get.file in a vlookup macro?

  • I am new to this and wondering if a macro can be created to ask for the table reference much like the get file but within a vlookup formula?


    My problem is that the table range's filename is different each time I want to run the macro. Can I get it to prompt me for the file path somehow?


    I am at home at the moment but if more info is needed I will post back later today when I have access to the workbook.

  • I am not so sure this can be done but perhaps I can restate the question.


    I have a report I produce on a weekly basis.
    A couple of the columns lookup info from another weekly spreadsheet.


    I would like to automate the production of this report.


    The problem is that the file I need to lookup the info from changes it's name every time that worksheet is produced.
    For example Last Friday's report name was Status050203.xls
    This Friday's report will be named Status050903.xls


    Naturally, If my recorded macro reads Status050203.xls when I run it then it will be looking for bad info.


    Is there such a possibility that a wild card can be used and then it would prompt me?


    Do you know where I am trying to go with this?


    A couple of "I don't think it can be done" would suffice for my query.


    Thanks for reading.

  • Hi Report_2


    Try this Macro, should do as you want.

  • Hi Report_2,


    If your not familiar with VBA as per Daves reply you could try the example below.


    I assume that the report is generated from a master or template ??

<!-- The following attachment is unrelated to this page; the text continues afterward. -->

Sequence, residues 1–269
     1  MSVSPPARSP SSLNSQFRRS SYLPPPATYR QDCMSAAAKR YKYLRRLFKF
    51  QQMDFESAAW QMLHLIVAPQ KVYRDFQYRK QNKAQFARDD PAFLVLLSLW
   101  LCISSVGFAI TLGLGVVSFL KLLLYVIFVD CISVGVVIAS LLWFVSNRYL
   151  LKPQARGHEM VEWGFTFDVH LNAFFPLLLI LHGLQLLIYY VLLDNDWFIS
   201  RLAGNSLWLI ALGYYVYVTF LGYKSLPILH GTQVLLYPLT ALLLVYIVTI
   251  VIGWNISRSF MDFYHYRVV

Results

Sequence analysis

If not you will need to play around with the file association a bit to see what happens.


    AJW




    Can't get the image to attach see below.

  • Quote

    Originally posted by Dave Hawley
    Hey Tony! I like the way you use the colours to help read your example, very simple yet very neat!


    Dave....KISIS


    No I'm not getting fresh ;)


    KISIS = Keep It Simple I'm Stupid.


    Regards


    Tony


    PS I'm still trying to wrangle that code review job for you. One of the joys of working for a large company is their responsiveness...... :P

  • Both methods can be incorporated into my projects.
    I got more than I have asked for.


    I will try them both today when I get to work. :yes:


    Thank you very much.

  • A small correction to AJW's nifty VLOOKUP illustration. The meaning of the last value is not correct as stated. A Value of FALSE means an exact match is required. TRUE looks for the largest value less than or equal the first value in VLOOKUP and assumes the first column of data is in ascending order.

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